current and future pleasure:
Noir. A frequent pick with many of my favorite dishes....because
its spicy, ruby-rich flavors so nicely complement roast fowl, game
(especially duck, goose, wild turkey)
love the various incarnations of Pinot Noir,
from the taut well-structured wines of France's Burgundy regions -- the
Côte de Nuits (richer, denser
appellations such as Nuits-St. Georges, Gevrey-Chambertin and
Vosne-Romanée) and the Côte
de Beaune (the lighter but elegant Volnays, Beaunes) and Côtes Chalonnaise (earthier
but simpler Givry, Mercurey), to the elegance and balance of Oregon Pinots, to the extravagant
fruit of Sonoma's Russian River Valley.
Out in the
Russian River Valley recently, I visited Russian Hill Vineyards to
taste the 2009s. This winery
commands a spectacular view of the eastern portion of the valley, with
vineyards stretching in all directions--a must-visit if you find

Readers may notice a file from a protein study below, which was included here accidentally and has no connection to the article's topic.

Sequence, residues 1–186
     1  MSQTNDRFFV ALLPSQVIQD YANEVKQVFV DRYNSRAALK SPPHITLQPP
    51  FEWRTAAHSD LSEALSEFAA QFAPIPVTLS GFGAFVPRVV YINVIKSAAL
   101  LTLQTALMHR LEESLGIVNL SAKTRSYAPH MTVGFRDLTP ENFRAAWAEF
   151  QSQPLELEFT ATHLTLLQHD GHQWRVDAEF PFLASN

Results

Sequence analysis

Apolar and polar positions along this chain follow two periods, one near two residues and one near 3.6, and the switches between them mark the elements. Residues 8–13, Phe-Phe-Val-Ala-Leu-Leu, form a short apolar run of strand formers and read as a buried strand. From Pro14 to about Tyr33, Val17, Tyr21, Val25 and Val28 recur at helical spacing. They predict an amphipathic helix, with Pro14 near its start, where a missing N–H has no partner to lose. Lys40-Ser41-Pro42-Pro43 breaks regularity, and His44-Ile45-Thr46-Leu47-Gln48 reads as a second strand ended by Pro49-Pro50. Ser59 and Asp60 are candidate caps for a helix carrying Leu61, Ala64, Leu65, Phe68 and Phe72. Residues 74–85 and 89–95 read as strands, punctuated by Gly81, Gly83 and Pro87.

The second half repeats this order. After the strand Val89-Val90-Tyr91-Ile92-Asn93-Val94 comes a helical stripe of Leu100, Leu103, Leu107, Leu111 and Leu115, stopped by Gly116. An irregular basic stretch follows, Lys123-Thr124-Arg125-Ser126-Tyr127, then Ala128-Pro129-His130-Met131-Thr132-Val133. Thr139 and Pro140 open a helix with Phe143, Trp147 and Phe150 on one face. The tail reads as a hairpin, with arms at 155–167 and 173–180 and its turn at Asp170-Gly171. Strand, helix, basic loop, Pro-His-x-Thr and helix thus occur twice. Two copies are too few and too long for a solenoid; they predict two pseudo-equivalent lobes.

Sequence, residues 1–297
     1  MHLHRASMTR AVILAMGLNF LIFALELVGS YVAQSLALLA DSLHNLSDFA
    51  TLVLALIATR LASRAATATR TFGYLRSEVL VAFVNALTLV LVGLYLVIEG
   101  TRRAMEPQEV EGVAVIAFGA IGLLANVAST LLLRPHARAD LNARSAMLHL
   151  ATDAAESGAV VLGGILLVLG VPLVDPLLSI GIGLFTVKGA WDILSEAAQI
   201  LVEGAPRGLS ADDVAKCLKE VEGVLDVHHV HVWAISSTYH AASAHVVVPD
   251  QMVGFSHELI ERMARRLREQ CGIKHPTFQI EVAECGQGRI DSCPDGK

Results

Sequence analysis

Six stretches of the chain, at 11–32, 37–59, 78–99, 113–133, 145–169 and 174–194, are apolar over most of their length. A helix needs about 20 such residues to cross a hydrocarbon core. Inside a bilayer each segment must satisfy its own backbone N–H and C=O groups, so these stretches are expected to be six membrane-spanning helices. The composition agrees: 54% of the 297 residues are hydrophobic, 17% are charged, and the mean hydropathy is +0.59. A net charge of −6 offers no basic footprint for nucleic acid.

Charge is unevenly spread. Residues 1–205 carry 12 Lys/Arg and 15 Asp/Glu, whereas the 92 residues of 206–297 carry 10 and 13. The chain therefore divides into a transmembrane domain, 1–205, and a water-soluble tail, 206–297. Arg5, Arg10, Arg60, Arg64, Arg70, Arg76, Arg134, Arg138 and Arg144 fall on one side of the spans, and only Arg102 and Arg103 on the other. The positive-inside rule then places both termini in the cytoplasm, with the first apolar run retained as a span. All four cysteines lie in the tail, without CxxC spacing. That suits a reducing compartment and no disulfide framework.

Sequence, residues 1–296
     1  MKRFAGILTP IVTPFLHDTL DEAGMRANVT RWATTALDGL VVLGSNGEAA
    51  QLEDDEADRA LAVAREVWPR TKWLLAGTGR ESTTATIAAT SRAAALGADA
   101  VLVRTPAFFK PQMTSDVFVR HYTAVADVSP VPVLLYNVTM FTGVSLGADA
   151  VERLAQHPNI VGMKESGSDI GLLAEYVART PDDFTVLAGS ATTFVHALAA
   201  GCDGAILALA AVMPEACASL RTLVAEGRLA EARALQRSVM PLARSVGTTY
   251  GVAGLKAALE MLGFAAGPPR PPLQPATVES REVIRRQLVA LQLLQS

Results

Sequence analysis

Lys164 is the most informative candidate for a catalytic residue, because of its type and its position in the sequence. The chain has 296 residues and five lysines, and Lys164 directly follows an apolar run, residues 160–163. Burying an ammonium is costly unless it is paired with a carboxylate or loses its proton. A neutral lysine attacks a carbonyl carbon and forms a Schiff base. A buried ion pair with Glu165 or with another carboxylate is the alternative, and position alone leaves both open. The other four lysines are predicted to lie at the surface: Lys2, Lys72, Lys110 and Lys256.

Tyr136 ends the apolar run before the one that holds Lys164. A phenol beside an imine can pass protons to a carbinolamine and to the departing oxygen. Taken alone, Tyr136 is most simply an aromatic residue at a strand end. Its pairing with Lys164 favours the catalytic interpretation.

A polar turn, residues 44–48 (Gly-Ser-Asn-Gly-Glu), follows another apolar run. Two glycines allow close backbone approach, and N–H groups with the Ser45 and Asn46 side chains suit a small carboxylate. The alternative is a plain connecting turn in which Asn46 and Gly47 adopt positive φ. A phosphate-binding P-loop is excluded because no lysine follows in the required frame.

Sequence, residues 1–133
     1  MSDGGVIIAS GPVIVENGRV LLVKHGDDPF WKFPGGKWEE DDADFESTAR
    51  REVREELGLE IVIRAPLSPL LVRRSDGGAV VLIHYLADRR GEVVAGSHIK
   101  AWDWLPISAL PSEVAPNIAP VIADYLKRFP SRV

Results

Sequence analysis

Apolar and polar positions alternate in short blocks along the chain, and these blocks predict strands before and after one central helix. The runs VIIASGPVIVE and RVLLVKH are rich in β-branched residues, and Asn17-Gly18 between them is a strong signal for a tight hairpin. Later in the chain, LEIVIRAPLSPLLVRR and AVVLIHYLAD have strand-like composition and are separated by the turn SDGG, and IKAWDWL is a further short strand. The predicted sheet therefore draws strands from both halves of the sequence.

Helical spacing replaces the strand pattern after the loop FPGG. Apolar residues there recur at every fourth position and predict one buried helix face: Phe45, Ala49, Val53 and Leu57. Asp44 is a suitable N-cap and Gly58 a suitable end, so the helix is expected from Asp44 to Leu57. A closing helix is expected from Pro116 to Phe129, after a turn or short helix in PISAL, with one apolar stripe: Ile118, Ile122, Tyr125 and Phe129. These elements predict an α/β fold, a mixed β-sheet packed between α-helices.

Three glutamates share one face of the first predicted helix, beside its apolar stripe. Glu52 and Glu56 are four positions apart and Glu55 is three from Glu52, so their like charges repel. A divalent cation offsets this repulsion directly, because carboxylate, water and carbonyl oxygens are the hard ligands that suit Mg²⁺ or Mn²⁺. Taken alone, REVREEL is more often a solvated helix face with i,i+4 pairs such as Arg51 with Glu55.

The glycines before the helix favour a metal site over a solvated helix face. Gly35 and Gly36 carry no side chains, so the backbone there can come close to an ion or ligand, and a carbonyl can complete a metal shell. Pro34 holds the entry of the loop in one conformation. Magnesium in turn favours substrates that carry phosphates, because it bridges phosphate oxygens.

yourself in or near Santa Rosa.
Owner Ellen Mack
opened her current Pinots from 2009 and 2008, generously fruity wines,
representive of a particular style for the region.
Russian Hill 2009, RR
Valley, $33. The basic Pinot from both estate and
purchased grapes is a congenial and deliciously sippable red. If you
want to introduce someone to the appeal of Pinot Noir, this is the
place to start --a great choice for lighter meats such as pork loin,
roast veal or chicken--and the Thanksgiving bird.
Russian Hill Estate 2009,
$40. A step up in structure but with plenty of fleshy ripe-berry
fruit. Think boysenberries, wild plums in a sweet ripeness balanced
with refreshing acidity.
Russian Hill Tara Vineyard
2009, $54. This is my favorite Pinot from Russian
Hill--consistently intriguing for its spicy fruit and excellent
balance. The '09 is stunning, teeming with accents of cinnamon and
allspice. The tasters went quiet for a minute as the wine's rich cherry
and cola nut flavors took over. The acidity is refreshing and
contributes to the appealing length. Already showing complexity,
the Tara '09 will continue to evolve--no wonder they are expanding the
vineyard to produce more.
I think one of the things Pinot
Noir/Burgundy fanatics love about the variety is a certain sauvage character--a kind of
wildness of flavor that sometimes expresses as earthiness...or wild